Reindeer and Sami culture

The indigenous Sami people and their reindeer have been living and working on the land for centuries. It’s only in recent times that the Sami have invited guests to be part of their life. But who are the Sami? Why are reindeer so popular in Norway? Learn more about the Sami people and their culture, where are they from and why are they so important?

Sami man with two kids and lavvo in the background

Who are the Sami?

You may have heard about the Sami people living in the north of Europe, but how much do you really know about them?

The Sami were the first indigenous people of Northern Europe and Scandinavia.

Their presence extends from Norway to Sweden, Finland, and Russia.

Studies suggest that they have inhabited these northern areas for more than 9,000 years, suggesting that they were the first people living in the Arctic after the Ice Age!

Sami man with two kids and lavvo in the background

Who are the Sami?

You may have heard about the Sami people living in the north of Europe, but how much do you really know about them?

The Sami were the first indigenous people of Northern Europe and Scandinavia.

Their presence extends from Norway to Sweden, Finland, and Russia.

Studies suggest that they have inhabited these northern areas for more than 9,000 years, suggesting that they were the first people living in the Arctic after the Ice Age!

An estimated Sami population of between 60,000 and 100,000 is spread around the world.

An estimated 40,000 live in Norway, 15,000 to 25,000 in Sweden, 6,000 in Finland and 2,000 in Russia.

The Sami people are best known for their semi-nomadic reindeer herding lifestyle.

Their life is organised around the reindeer migration – up into the mountains during winter and back to their community often near the coast during the summer.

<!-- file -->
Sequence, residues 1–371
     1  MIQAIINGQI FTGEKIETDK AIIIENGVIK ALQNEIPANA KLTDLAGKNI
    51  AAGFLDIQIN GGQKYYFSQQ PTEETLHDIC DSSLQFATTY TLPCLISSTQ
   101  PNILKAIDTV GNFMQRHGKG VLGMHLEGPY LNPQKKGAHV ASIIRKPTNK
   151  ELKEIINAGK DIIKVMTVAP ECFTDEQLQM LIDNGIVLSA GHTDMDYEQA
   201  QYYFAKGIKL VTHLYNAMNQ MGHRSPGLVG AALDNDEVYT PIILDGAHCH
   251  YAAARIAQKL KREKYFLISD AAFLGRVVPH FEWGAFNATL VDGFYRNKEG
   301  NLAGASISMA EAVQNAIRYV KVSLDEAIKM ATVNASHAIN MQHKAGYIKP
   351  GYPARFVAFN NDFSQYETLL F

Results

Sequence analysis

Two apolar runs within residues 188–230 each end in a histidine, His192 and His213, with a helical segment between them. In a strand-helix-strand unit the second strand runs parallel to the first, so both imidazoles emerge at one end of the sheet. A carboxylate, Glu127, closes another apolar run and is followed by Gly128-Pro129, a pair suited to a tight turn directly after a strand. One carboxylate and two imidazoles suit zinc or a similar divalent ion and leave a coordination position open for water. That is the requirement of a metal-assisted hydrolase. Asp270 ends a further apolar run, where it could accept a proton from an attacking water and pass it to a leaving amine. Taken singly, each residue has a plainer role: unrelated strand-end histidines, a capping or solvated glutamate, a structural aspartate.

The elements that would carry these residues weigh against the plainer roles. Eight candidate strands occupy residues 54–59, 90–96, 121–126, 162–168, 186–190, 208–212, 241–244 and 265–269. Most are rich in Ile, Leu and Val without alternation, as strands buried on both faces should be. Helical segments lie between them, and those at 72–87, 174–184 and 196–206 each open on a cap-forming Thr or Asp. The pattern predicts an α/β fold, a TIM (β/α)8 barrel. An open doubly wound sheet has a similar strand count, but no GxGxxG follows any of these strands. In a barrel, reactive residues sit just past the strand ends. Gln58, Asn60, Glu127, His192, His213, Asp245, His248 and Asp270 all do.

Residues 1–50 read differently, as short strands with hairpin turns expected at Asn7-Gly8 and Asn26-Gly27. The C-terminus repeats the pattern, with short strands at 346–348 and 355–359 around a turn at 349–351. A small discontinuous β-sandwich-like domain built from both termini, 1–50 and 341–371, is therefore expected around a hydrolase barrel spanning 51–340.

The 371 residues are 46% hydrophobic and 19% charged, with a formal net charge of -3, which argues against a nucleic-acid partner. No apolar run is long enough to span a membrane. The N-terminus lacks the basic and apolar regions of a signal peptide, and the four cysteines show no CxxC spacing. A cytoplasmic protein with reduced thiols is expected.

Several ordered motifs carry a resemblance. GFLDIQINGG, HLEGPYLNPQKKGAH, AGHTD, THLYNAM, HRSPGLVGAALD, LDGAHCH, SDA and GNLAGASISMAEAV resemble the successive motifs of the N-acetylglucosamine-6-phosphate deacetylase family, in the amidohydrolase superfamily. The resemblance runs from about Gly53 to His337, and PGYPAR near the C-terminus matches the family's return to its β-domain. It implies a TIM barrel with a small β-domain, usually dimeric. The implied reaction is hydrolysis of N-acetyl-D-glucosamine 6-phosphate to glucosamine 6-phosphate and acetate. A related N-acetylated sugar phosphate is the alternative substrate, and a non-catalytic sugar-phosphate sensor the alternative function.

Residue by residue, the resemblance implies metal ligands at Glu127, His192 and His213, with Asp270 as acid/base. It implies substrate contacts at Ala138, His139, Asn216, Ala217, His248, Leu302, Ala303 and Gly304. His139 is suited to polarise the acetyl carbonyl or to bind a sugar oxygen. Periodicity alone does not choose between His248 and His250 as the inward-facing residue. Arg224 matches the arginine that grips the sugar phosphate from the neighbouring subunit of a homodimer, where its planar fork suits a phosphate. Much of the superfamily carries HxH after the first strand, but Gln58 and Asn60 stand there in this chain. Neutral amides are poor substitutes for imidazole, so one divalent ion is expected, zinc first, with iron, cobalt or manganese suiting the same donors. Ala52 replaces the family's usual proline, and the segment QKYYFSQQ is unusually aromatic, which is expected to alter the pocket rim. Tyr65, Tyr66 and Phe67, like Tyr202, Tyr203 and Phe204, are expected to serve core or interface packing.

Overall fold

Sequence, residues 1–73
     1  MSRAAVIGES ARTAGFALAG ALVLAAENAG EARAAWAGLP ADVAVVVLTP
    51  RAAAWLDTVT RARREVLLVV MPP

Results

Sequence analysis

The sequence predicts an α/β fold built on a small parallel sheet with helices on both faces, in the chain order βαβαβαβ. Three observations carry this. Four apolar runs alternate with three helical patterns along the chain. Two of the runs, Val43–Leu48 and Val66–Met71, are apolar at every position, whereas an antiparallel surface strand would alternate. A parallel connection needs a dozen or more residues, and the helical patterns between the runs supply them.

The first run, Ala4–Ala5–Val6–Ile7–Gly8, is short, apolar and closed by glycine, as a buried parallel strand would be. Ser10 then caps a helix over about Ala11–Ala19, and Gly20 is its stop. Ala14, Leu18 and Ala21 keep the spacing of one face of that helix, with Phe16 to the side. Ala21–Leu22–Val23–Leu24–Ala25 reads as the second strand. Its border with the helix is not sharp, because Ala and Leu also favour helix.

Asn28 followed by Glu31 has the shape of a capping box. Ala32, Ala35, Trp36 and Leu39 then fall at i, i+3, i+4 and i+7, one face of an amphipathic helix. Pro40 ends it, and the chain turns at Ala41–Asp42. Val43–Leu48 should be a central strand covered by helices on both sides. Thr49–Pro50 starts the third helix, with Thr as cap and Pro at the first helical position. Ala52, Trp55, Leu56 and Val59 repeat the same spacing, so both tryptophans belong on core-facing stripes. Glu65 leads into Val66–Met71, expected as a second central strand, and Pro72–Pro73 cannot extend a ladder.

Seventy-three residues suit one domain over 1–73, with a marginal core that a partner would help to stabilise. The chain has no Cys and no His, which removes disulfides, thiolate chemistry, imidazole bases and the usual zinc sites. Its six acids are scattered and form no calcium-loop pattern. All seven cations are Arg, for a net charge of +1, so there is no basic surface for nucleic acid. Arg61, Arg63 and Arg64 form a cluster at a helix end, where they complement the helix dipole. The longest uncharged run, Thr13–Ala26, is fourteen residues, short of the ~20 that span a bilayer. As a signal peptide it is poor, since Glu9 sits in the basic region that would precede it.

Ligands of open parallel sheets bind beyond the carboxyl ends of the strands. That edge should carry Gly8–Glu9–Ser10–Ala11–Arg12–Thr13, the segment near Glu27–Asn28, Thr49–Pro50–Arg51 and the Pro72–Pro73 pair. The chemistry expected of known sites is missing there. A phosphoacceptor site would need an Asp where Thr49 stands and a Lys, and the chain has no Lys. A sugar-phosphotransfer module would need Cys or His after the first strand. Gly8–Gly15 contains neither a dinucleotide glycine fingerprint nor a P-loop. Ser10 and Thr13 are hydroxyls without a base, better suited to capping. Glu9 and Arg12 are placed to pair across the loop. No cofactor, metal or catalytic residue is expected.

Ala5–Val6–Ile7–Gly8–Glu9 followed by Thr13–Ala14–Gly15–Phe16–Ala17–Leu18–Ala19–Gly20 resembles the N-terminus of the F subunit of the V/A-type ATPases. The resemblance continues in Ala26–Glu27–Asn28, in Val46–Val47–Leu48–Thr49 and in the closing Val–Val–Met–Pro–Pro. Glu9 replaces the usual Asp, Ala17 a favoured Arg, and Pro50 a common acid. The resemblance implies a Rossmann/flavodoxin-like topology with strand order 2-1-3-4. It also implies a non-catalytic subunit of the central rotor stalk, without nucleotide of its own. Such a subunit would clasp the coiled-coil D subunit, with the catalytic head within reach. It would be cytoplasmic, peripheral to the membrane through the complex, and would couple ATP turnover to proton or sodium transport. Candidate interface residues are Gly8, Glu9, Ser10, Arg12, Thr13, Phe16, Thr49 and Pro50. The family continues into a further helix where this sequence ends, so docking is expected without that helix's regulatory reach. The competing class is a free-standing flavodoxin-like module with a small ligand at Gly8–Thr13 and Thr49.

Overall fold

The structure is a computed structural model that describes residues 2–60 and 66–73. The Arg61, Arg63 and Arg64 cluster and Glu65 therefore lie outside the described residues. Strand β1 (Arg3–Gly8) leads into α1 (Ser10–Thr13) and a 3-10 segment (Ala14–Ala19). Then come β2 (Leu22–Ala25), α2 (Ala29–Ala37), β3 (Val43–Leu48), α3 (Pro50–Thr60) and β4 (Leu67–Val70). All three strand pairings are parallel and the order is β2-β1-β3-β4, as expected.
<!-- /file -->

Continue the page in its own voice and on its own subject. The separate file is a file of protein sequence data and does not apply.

Sami woman with reindeer
Two reindeers on snow
Two reindeers on snow
Sami woman with reindeer

An estimated Sami population of between 60,000 and 100,000 is spread around the world.

An estimated 40,000 live in Norway, 15,000 to 25,000 in Sweden, 6,000 in Finland and 2,000 in Russia.

The Sami people are best known for their semi-nomadic reindeer herding lifestyle.

Their life is organised around the reindeer migration – up into the mountains during winter and back to their community often near the coast during the summer.

What is the Sami culture?

Although the Sami people are now part of modern society, they retain some ancient traditions such as joik (a Sami chanting generally about a place, a person or a thing), duodji (handicrafts) and reindeer husbandry.

When visiting Tromsø, you should try an Arctic tour involving the Sami and their reindeer and learn about their culture and history.

The Sami people don’t live in reindeer camps anymore.

During the modern era, their classic lavvu gave way to houses and apartments in towns and villages around Norway.

However, some traditions are retained by a minority (estimated around 10%) of reindeer herders.

Reindeer and sleds with northern lights

What is the Sami culture?

Reindeer and sleds with northern lights

Although the Sami people are now part of modern society, they retain some ancient traditions such as joik (a Sami chanting generally about a place, a person or a thing), duodji (handicrafts) and reindeer husbandry.

When visiting Tromsø, you should try an Arctic tour involving the Sami and their reindeer and learn about their culture and history.

The Sami people don’t live in reindeer camps anymore.